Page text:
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Medical Units of 2 NZEF in Middle East and Italy

Concentration of Dressing Stations

Concentration of Dressing Stations

The wadi in which 6 MDS was sited was a large shallow gully, half a mile or so in length and one to two hundred yards wide, and it provided good shelter for a large dressing station. Although two convoys of wounded were evacuated—150 in trucks and 279 in a British motor ambulance convoy—at times casualties unavoidably had to be left lying around the area with no cover. The position was considerably relieved when the MDS was later joined in the wadi by almost all of the Division's medical units—the Mobile Surgical Unit on 25 November, 5 MDS and 4 Field Hygiene Section on the 26th, and 4 MDS (with 150 patients and less a detachment of its staff, under Maj R. D. King, left at Sidi Azeiz with seriously wounded) on the 27th. In making the decision to concentrate these divisional medical units, Col Kenrick took into consideration the number of wounded to be treated, and also the fact that some degree of security was afforded by the proximity of the MDS site to HQ 2 NZ Division with its small reserve of tanks. Enemy armoured columns were moving towards the Egyptian frontier, upsetting lines of supply and threatening isolated units. The plan for dressing stations every 25 miles had to be abandoned.

The combined units formed a quite considerable tented colony. Even so, the dressing station was still hard pressed, for in four days almost 1300 men, sick and wounded, New Zealand, British, South African, and German and Italian prisoners, were brought in for treatment; and after the two convoys at first evacuated, one of which narrowly escaped capture, the lines of communication back had been cut by the enemy, and the MDS was obliged to hold and care for its rapidly growing numbers of patients until the Division had forced its way through to the Tobruk garrison and established a corridor through which convoys could pass. Then the patients were to be evacuated by hospital ship from Tobruk to Alexandria. When 5 Field Ambulance arrived in the medical area it remained packed in anticipation of an early move into Tobruk, where it was to set up an MDS.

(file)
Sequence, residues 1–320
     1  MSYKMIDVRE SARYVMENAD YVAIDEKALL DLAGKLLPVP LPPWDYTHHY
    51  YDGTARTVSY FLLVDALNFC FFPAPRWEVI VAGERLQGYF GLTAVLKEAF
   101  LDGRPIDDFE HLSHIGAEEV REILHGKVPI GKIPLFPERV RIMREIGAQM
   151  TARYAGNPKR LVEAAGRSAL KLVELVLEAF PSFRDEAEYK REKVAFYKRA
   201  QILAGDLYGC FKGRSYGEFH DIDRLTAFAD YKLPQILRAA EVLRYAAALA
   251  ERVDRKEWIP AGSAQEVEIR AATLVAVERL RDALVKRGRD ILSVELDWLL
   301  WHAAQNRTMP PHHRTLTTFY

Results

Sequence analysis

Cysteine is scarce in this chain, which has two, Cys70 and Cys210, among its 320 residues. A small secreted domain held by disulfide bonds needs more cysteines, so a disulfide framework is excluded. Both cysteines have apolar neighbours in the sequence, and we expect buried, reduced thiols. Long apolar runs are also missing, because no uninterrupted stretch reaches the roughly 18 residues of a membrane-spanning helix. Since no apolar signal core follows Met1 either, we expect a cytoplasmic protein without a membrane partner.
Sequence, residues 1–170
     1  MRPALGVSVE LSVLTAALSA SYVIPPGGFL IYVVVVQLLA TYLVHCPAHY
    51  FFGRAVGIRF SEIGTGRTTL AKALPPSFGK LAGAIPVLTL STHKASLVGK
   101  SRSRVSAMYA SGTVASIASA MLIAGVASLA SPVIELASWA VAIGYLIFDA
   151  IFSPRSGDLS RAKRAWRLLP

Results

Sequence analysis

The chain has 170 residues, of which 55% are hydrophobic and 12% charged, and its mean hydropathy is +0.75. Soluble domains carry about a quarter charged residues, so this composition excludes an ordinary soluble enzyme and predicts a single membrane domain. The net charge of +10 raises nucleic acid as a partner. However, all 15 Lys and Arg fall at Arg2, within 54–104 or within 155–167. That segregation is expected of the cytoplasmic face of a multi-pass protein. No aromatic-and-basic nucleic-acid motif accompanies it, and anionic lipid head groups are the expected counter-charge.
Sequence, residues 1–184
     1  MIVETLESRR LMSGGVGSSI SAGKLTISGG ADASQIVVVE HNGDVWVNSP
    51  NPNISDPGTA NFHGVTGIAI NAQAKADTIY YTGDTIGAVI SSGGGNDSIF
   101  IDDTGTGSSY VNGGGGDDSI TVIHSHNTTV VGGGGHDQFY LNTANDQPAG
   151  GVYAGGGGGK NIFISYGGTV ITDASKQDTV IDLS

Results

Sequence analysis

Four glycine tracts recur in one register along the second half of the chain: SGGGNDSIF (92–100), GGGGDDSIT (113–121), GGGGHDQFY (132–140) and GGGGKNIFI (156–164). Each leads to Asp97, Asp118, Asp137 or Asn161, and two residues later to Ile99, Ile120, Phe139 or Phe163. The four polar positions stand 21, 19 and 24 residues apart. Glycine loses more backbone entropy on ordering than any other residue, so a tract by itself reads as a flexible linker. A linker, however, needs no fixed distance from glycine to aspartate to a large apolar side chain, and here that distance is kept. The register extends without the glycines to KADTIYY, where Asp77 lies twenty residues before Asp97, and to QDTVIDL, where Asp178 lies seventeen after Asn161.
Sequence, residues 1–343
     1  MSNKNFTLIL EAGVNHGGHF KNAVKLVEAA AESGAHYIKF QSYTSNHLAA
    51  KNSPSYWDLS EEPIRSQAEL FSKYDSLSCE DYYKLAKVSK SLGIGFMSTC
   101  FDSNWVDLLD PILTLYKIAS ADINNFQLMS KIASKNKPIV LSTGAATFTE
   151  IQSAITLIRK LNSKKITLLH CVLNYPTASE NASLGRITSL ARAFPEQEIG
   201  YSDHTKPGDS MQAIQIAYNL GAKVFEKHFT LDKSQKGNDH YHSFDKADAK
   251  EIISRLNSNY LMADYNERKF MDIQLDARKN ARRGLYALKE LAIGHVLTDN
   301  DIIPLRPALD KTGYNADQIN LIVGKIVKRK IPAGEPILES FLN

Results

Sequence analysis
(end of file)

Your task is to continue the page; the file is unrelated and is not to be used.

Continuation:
page 164

As considerable numbers of German wounded were being admitted, Lt-Col Speight arranged for the release of two German medical officers and a number of medical orderlies from the prisoner-of-war cage to assist with the treatment of German casualties. The German officers messed with the MDS officers and proved pleasant and co-operative in every way.

During 27 and 28 November remnants of some South African and British medical units joined the MDS centre. Tentage was allotted to these medical officers, and they were asked to attend to the increasing numbers of Italian wounded coming in. An attempt was made to pass the Italian wounded to the German medical officers for treatment but they politely sent them back. The New Zealanders found that the German medical orderlies avoided all contact with the Italians.

The MDS centres working constantly, day and night, had been almost vainly endeavouring to give treatment and some measure of care and attention to the wounded men who so urgently required it. The reception centre was frequently choked with waiting cases, stretchers with wounded covering the entire floor of the large tarpaulin shelter, with many more outside; men with gaping, horrible wounds and piteously smashed and broken bodies, but there was hardly a murmur from them; their courage and endurance was amazing. Blood transfusions could be given only sparingly, but wounds were dressed and fractures splinted. Day and night in the theatre, with the thick smell of blood, ether, and antiseptic in the air, work continued. Case after case followed from the preoperative tent next door, and the little steriliser boiled continuously. The evacuation centre had spread itself into tentage of every description, shape, and size. Tents of the ambulance units, German tents, and even the crude shelter of odd pieces of canvas accommodated the many hundreds of patients, but blankets were all too few among so many for the bitterly cold nights in the desert. The nursing orderlies could not hope to give these men the care they really required. Food had to be strictly rationed and water was so scarce that Red Cross invalid foods could not be prepared for the serious cases.

At 11 a.m. on 28 November General Freyberg visited the MDS and expressed his firm belief that within a very short time access to Tobruk would be open and the wounded (then totalling 862, page 165 including 96 prisoners) would be evacuated there with all possible speed. This news, which was made known to all troops, materially improved the morale of the wounded, whose condition in many cases was becoming serious. Many men had already been subjected to exposure before they had been brought in.

About four o'clock a tank battle developed about a mile and a half away to the south. The tanks held in reserve at HQ 2 NZ Division joined in this engagement and left the Headquarters and the main dressing stations practically unprotected. The battle drew away to the south-west, and at five o'clock all appeared to be quiet. A quarter of an hour later, just as it was becoming dusk, the medical units and the guards at the adjoining prisoner-of-war cage, containing about 1500 prisoners, were suddenly and unexpectedly attacked from the south-west by German armoured forces and were all captured.

black and white map of libyan campaign

Libyan Campaign, 1941